Pope Francis Appoints Mexico Nuncio as New Vatican Ambassador to U.S.
French-born Archbishop Christophe Pierre will replace Archbishop Carlo Maria Viganò, the Holy See Press Office announced Tuesday.
VATICAN CITY — Pope Francis has appointed French-born Archbishop Christophe Pierre as the Vatican ambassador to the United States, replacing Archbishop Carlo Maria Viganò, the Holy See Press Office announced Tuesday.
The appointment of the new Vatican ambassador, known as an apostolic nuncio, comes after Archbishop Viganò reached the retirement age of 75 on Jan. 16 of this year. The Italian prelate had served as apostolic nuncio to the U.S. since 2011.
It had been speculated that the role of papal nuncio to the U.S. would fall to Archbishop Pierre, who has been nuncio to Mexico since 2007. As reported here, Vaticanista Sandro Magister asserted in his March 10 blog that the 70-year-old Archbishop Pierre would be “imminently” promoted to the position.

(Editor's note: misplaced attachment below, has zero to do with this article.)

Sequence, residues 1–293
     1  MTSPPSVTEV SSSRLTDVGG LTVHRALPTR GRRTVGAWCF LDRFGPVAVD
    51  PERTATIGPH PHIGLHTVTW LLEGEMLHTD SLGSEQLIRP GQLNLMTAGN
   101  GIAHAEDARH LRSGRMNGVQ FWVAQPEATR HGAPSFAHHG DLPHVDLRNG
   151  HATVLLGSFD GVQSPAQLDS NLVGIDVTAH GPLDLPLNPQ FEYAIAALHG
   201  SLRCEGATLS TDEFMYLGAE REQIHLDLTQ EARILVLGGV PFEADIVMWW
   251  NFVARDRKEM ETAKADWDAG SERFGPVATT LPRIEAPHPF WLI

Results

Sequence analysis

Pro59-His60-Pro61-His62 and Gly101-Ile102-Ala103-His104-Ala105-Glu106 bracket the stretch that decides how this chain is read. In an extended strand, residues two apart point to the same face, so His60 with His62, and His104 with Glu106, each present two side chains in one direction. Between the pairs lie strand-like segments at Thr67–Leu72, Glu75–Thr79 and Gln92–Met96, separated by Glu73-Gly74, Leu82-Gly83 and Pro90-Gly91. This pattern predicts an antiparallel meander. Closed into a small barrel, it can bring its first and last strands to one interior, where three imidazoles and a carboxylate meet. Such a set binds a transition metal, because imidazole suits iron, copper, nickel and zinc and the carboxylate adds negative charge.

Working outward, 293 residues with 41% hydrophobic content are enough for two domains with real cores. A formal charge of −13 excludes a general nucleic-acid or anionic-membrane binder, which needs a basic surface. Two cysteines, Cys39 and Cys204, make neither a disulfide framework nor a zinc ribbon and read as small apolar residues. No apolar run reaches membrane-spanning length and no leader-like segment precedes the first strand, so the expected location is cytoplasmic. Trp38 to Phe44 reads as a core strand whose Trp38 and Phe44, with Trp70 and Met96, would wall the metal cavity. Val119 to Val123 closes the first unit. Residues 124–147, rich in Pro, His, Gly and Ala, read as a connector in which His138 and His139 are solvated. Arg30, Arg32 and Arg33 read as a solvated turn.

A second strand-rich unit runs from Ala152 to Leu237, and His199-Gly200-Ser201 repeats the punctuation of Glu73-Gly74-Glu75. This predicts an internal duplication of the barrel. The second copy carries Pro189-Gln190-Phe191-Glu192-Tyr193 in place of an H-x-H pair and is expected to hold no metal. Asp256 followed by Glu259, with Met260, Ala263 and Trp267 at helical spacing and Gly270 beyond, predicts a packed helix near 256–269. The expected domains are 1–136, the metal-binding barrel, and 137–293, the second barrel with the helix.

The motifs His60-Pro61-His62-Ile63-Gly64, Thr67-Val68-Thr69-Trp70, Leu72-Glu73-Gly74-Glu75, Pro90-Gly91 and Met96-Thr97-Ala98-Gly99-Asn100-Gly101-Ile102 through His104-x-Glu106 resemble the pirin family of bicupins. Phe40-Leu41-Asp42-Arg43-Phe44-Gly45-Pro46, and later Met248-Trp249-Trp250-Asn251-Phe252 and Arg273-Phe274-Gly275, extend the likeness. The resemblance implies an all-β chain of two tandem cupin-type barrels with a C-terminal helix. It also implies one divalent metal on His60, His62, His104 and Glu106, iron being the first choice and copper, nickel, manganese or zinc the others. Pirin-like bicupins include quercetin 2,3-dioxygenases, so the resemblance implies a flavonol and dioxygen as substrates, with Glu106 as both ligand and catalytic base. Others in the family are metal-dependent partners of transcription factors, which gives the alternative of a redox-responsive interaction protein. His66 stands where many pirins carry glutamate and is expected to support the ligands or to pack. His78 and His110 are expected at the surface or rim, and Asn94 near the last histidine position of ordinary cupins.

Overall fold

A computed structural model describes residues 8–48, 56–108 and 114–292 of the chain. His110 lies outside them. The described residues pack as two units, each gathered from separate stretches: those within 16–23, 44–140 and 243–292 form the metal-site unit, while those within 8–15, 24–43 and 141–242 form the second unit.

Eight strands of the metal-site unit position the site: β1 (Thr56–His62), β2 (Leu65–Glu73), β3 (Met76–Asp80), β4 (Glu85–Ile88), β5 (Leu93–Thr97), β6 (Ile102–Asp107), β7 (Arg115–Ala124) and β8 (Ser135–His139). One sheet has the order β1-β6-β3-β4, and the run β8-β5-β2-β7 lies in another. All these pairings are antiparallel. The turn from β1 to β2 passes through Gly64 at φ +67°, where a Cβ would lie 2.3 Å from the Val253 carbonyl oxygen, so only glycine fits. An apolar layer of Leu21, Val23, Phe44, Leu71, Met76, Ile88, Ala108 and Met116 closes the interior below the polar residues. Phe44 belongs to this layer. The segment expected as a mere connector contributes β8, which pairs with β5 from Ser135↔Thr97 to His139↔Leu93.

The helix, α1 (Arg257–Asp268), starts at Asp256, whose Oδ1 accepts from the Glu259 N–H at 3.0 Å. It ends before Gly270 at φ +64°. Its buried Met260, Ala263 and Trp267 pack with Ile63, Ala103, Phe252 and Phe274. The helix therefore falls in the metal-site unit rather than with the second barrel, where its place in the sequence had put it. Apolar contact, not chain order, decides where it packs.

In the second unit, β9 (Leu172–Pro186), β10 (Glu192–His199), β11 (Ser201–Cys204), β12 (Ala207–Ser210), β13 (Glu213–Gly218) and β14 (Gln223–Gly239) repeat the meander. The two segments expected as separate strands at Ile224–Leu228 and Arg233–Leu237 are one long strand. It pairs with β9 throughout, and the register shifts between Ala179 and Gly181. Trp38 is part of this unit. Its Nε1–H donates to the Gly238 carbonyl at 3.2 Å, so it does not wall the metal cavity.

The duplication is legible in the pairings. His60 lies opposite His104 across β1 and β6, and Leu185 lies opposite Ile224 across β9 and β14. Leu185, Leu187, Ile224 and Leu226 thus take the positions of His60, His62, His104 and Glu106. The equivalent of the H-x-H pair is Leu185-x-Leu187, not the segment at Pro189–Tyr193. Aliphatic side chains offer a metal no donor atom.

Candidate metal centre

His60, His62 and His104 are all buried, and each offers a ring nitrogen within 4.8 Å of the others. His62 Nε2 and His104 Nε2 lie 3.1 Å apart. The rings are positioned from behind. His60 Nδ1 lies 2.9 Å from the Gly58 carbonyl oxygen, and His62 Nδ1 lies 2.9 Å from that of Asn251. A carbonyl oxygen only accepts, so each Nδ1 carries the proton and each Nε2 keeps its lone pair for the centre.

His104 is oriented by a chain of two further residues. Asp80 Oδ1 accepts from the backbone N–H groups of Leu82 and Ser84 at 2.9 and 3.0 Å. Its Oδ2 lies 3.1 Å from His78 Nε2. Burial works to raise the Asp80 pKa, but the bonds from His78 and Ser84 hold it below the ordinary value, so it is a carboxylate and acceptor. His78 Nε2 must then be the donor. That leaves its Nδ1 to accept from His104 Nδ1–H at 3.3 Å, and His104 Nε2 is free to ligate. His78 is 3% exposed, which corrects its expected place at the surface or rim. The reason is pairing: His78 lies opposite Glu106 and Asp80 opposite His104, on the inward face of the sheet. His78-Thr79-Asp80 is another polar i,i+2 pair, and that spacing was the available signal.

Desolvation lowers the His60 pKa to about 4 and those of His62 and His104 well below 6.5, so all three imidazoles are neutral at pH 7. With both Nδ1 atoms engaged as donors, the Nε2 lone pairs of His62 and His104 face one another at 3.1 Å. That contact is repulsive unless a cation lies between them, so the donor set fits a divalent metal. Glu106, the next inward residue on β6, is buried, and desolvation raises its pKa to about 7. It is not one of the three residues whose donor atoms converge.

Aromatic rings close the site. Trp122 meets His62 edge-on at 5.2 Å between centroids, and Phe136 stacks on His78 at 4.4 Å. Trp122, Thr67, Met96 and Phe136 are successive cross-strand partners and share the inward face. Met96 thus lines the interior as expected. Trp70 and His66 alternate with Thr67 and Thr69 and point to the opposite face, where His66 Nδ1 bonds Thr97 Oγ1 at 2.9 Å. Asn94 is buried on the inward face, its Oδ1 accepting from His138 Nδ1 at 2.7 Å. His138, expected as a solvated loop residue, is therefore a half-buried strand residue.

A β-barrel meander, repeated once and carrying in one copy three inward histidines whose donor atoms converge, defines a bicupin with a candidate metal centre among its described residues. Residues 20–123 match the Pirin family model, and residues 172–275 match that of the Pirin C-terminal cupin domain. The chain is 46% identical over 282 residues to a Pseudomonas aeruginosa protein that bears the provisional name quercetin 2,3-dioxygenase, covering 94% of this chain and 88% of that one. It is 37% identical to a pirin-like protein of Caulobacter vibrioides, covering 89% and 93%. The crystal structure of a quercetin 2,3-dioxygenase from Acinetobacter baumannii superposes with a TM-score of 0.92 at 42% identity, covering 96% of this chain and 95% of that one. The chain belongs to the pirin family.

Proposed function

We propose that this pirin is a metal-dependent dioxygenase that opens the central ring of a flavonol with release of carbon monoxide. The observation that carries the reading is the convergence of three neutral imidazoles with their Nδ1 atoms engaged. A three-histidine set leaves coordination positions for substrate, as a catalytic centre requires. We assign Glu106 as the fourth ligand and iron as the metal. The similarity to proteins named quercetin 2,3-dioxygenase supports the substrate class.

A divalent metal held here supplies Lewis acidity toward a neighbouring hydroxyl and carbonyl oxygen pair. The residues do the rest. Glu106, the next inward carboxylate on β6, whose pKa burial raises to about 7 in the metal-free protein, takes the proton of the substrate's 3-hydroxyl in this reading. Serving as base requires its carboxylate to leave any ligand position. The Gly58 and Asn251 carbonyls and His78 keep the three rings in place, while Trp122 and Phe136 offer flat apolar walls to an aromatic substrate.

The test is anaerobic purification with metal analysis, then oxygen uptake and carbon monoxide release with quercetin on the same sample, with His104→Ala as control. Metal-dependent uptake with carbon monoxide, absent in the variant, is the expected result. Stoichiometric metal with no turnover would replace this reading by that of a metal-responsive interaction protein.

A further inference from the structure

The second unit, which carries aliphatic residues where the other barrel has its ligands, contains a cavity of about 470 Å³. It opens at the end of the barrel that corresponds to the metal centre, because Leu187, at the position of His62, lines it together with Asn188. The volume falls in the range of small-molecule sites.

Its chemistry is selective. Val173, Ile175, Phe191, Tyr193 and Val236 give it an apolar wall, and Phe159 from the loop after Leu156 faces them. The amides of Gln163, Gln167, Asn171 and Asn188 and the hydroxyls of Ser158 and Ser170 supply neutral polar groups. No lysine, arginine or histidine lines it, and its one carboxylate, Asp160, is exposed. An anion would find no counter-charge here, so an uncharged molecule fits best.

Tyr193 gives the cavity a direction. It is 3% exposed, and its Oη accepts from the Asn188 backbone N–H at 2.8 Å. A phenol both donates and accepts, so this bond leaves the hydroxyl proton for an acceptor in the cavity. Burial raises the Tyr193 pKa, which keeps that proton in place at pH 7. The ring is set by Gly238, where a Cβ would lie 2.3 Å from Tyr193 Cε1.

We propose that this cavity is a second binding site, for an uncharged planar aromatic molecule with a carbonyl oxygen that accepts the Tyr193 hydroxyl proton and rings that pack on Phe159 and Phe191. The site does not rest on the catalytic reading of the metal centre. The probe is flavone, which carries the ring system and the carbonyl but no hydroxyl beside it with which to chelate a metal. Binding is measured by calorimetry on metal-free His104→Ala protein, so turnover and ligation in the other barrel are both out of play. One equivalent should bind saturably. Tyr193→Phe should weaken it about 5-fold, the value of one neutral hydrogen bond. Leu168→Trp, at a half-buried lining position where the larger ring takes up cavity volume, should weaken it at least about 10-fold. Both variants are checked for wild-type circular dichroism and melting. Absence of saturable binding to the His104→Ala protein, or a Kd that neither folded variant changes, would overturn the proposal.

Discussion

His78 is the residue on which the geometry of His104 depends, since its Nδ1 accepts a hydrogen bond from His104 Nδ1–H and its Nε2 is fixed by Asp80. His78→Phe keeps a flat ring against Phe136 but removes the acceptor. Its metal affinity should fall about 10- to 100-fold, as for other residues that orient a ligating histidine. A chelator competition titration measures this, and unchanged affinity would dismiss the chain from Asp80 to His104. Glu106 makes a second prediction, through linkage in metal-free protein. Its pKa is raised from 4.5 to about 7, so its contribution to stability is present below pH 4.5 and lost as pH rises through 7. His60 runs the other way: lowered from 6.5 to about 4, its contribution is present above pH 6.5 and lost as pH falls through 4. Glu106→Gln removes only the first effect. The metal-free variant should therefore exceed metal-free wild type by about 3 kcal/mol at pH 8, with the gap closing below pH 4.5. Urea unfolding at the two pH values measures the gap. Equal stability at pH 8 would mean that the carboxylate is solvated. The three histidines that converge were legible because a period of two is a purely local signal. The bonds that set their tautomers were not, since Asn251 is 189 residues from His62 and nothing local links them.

Magister characterized Archbishop Pierre as a “Bergoglian” and someone in whom Francis confides.
Additionally, a source close to the Mexican bishops’ conference told CNA that Archbishop Pierre “is known for suggesting solid, reliable candidates to the episcopate.”
The French prelate was ordained a priest of the Archdiocese of Rennes in 1970. In 1995, he was consecrated a bishop and appointed apostolic nuncio to Haiti. He served there until 1999, when he was transferred to Uganda.
In an April 8 speech at the Pontifical North American College’s annual rector’s dinner, Archbishop Viganò offered a farewell reflection of his four-and-a-half-year “mission” as the Pope’s representative to the U.S. and the challenges against religious liberty in the country.
“As everyone knows, the past years have been very challenging for the Church in America,” he said, acknowledging in turn other significant events, including Pope Francis’ visit to the U.S.
He stressed the need to pray “that the United States of America will protect our freedom, especially our religious liberty, as well as respect the human right to conscientious objection, and that we will be courageous in always defending the freedom to put our Catholic faith into practice without fear.”
“This is an age when we need great courage — courage to stand up for the truth, even when we are not understood, or persecuted when we are understood. We need to be strong in the face of evil.”